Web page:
Monthly Archives: January 2016

What to Expect when Visiting an Osteopath… And some Insurance Details!

And I will try to fix you…

Many conditions can benefit from osteopathic treatment, such as neck and back pain, shoulder and arm problems, pelvis, hip and leg problems, sports and other injuries. Whether you are sat at a desk for over 8 hours a day, or training for the marathon, osteopathy is the holistic approach to the treatment of a variety of conditions.

So, what can be expected when visiting an osteopath? In the first instance, it should be explained to the patient what osteopathy is, a holistic approach to the treatment of mainly, but not exclusively, musculoskeletal complaints (muscle, bone, joint pains). You will be informed that you may have to undress down to underwear depending on your presenting complaint, as you would with any other medical examination.

A detailed case history will then be taken, giving the osteopath all the information they need in order to accurately examine, diagnose and treat the problems found. This will include information on presenting complaint, previous episodes and past medical history. This level of detail is required for the previously mentioned reasons, and so that any correspondence needing to be made with your other healthcare practitioners and insurers can be done so, with your permission.

Having assessed the individual, and having treated and reassessed at the end of this first consultation, the osteopath can then give a prognosis, telling the person how long and how many treatments they expect it will take for the problems to be resolved. Osteopathy does not claim to cure people, it aims to remove any obstacles within the body, preventing the body from healing itself. Therefore if progress is not made as expected, usually within 4-6 weeks, further assistance may be required, such as the use of imaging (x-ray, MRI).

It is, therefore, never possible to predict exactly how many treatments it will take to treat and resolve a problem. Osteopaths are generally unlikely to say you need 10 treatments over 10 weeks at £XXX, as is the case with the majority of chiropractors. The guarantee that our osteopathy can make is that we will give our maximum effort and aim to successfully conclude treatment with the minimum sessions necessary, saving the person time and money. Osteopathy is also available on the majority of private health insurances (AXA PPP, Aviva, Pru Health, Simply Health etc), but we would advise you call them to check your policy first.

If you have any aches or pains, or are unsure whether osteopathy can help, it may be worthwhile coming to see us at Atlas Osteopathy (with clinics in East Finchley and Moorgate, as well as the option of home visits), where we can explain your problems to you, why they occur and whether or not you are suitable for osteopathic treatment. Often this can be done via email or on the phone.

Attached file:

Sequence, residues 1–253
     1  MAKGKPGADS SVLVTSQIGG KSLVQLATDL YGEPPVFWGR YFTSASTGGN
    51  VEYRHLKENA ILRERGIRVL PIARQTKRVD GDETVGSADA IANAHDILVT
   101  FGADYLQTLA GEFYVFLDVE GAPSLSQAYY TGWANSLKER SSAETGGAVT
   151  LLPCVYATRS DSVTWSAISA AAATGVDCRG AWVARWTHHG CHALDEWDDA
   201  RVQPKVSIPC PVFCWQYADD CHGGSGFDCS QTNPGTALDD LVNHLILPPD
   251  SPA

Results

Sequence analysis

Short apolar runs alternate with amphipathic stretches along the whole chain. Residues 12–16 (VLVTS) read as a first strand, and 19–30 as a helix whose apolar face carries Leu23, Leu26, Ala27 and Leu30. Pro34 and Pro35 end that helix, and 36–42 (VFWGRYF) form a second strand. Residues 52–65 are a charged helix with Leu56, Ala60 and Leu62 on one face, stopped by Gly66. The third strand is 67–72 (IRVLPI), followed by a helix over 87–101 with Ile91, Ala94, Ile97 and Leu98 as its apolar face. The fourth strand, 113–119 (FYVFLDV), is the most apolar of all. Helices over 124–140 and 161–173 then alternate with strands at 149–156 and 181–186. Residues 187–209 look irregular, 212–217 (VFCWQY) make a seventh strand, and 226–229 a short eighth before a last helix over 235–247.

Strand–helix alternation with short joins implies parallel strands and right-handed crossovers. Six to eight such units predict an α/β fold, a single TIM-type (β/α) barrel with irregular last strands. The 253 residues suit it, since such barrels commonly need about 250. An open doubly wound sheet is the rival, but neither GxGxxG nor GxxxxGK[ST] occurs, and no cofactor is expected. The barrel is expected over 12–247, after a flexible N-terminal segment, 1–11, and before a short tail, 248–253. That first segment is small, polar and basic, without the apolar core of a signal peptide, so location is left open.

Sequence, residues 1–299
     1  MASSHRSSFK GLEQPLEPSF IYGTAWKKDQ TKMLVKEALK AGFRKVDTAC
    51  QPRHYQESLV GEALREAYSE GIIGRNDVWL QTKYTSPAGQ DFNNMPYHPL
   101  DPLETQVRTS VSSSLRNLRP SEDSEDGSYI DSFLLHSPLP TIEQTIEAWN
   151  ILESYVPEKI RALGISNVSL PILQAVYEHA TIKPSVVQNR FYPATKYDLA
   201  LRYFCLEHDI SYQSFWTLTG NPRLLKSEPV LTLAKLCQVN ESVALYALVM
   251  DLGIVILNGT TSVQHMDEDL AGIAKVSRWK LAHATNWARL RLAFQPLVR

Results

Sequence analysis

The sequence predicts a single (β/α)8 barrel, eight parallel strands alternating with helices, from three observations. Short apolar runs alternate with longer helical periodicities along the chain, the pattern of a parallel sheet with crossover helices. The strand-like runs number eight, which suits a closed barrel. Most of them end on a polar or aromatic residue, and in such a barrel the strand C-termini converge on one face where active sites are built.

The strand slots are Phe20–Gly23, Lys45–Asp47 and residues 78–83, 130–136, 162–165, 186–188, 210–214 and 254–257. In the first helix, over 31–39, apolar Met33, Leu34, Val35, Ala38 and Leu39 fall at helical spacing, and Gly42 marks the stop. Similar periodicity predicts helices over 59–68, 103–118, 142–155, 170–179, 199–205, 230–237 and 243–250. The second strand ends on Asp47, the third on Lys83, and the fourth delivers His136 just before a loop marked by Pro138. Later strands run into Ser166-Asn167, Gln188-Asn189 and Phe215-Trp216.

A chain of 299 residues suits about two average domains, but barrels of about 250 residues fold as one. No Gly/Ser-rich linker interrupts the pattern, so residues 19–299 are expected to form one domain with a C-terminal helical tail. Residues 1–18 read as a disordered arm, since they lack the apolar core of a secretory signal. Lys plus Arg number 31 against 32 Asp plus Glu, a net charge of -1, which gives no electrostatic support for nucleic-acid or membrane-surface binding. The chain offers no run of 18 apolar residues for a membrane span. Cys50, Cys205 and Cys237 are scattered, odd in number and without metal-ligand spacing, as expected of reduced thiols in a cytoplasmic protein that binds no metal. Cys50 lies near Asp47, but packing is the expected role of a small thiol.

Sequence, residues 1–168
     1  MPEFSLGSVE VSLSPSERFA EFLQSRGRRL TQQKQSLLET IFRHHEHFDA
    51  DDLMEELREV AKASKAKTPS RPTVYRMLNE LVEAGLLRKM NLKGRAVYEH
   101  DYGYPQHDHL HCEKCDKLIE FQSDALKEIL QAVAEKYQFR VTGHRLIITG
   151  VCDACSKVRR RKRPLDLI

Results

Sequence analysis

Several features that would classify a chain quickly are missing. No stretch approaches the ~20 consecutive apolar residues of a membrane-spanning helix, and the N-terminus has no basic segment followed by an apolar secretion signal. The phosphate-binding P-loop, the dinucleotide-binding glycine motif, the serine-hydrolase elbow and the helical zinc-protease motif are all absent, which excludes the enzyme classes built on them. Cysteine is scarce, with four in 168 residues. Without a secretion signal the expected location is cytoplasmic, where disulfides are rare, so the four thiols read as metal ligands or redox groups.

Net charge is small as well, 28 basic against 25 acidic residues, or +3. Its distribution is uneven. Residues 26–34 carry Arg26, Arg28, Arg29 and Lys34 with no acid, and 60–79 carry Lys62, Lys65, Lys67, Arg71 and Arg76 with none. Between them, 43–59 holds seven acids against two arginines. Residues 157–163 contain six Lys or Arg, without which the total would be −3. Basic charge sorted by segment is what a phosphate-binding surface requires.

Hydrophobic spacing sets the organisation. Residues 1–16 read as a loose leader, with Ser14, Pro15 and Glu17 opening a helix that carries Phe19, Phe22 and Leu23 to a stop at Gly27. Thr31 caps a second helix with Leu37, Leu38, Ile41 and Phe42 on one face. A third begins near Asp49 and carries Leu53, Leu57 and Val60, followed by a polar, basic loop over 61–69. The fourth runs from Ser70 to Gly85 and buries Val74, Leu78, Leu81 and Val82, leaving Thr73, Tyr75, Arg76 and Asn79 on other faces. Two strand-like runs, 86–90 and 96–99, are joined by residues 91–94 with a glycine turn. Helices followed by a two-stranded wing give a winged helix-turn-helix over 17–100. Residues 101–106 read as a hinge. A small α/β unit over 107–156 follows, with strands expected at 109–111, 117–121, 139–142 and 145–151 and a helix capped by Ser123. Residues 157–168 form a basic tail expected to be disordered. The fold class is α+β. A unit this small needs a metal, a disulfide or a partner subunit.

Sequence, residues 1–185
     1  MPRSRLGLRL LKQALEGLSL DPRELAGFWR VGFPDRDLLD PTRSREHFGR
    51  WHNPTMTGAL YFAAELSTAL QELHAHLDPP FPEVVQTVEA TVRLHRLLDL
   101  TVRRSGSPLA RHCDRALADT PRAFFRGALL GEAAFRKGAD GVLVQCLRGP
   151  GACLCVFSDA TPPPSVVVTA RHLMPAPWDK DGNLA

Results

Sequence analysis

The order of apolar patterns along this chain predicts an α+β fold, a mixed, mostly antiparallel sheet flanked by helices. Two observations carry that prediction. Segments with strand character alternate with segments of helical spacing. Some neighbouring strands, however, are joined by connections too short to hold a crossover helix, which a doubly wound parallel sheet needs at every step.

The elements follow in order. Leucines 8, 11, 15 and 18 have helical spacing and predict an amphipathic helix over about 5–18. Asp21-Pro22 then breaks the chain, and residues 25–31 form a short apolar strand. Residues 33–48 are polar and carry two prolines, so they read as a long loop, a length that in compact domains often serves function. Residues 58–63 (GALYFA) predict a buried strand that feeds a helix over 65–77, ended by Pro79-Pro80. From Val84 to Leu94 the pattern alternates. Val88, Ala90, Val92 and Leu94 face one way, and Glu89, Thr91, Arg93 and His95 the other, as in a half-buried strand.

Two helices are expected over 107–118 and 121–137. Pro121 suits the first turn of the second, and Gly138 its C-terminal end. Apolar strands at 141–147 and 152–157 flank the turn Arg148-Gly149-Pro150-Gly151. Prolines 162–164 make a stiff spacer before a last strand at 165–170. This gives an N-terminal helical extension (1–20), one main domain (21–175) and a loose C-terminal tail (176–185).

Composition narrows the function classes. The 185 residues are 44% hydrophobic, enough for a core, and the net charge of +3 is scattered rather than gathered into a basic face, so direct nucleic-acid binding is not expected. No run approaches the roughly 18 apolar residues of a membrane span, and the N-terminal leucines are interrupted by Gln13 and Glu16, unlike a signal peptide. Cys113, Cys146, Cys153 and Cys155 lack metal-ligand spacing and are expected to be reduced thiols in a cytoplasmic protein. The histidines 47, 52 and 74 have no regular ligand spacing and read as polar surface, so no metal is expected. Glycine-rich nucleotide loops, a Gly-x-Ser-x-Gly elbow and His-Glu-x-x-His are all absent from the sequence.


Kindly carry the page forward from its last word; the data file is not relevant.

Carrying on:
New Year, New You… Coping with Osteoporosis

My body is aching, feels like it’s wearing me…

Osteoporosis is a progressive condition characterised by a decrease in bone mineral density (BMD). This occurs naturally, as the balance between bone being broken down and reformed, shifts. At a younger age, bone is broken down but reformed at a greater rate. As you get older, bone is broken down at a greater rate than is reformed, leading to a reduced BMD. This increases the risk of osteoporosis, and can be prevented by maintaining levels of calcium and vitamin D.

The condition can be asymptomatic at first, and can remain so. However, if pain starts, osteoporotic pain is usually a dull aching bone pain, which can become sharp on movement. The decrease in BMD can cause fractures to occur at a lesser force than would otherwise normally be required in healthy bone. These fractures are most common in the wrist, hip and spine. In the spine, these fractures are known as crush fractures. The condition will usually cause an increase in pain on standing and walking.

Individuals are at an increased risk of osteoporosis if there is a family history of the condition, an insufficient dietary intake of calcium, a sedentary lifestyle and if underweight. Those of a white or Asian background are also at an increased risk, as are people who have been using drugs or corticosteroids, cigarettes and alcohol for long periods. Women who have had an early menopause are also at an increased risk of developing osteoporosis.

Having a diet rich in calcium is important, as are avoiding smoking and alcohol in order to prevent osteoporosis occurring. Once the condition has developed, weight-bearing exercises are necessary to increase BMD. With women, oestrogen replacement therapy can also aid in preventing osteoporotic symptoms worsening.

If you are having dull pain in your bones or muscles, or have any muscular or joint pain, it may be worthwhile coming to see us at Atlas Osteopathy (with clinics in East Finchley and Moorgate, as well as the option of home visits), where we can explain your problems to you, why they occur and whether or not you are suitable for osteopathic treatment, as well as advising on a healthy lifestyle and exercises that will be beneficial to BMD. Often this can be done via email or on the phone.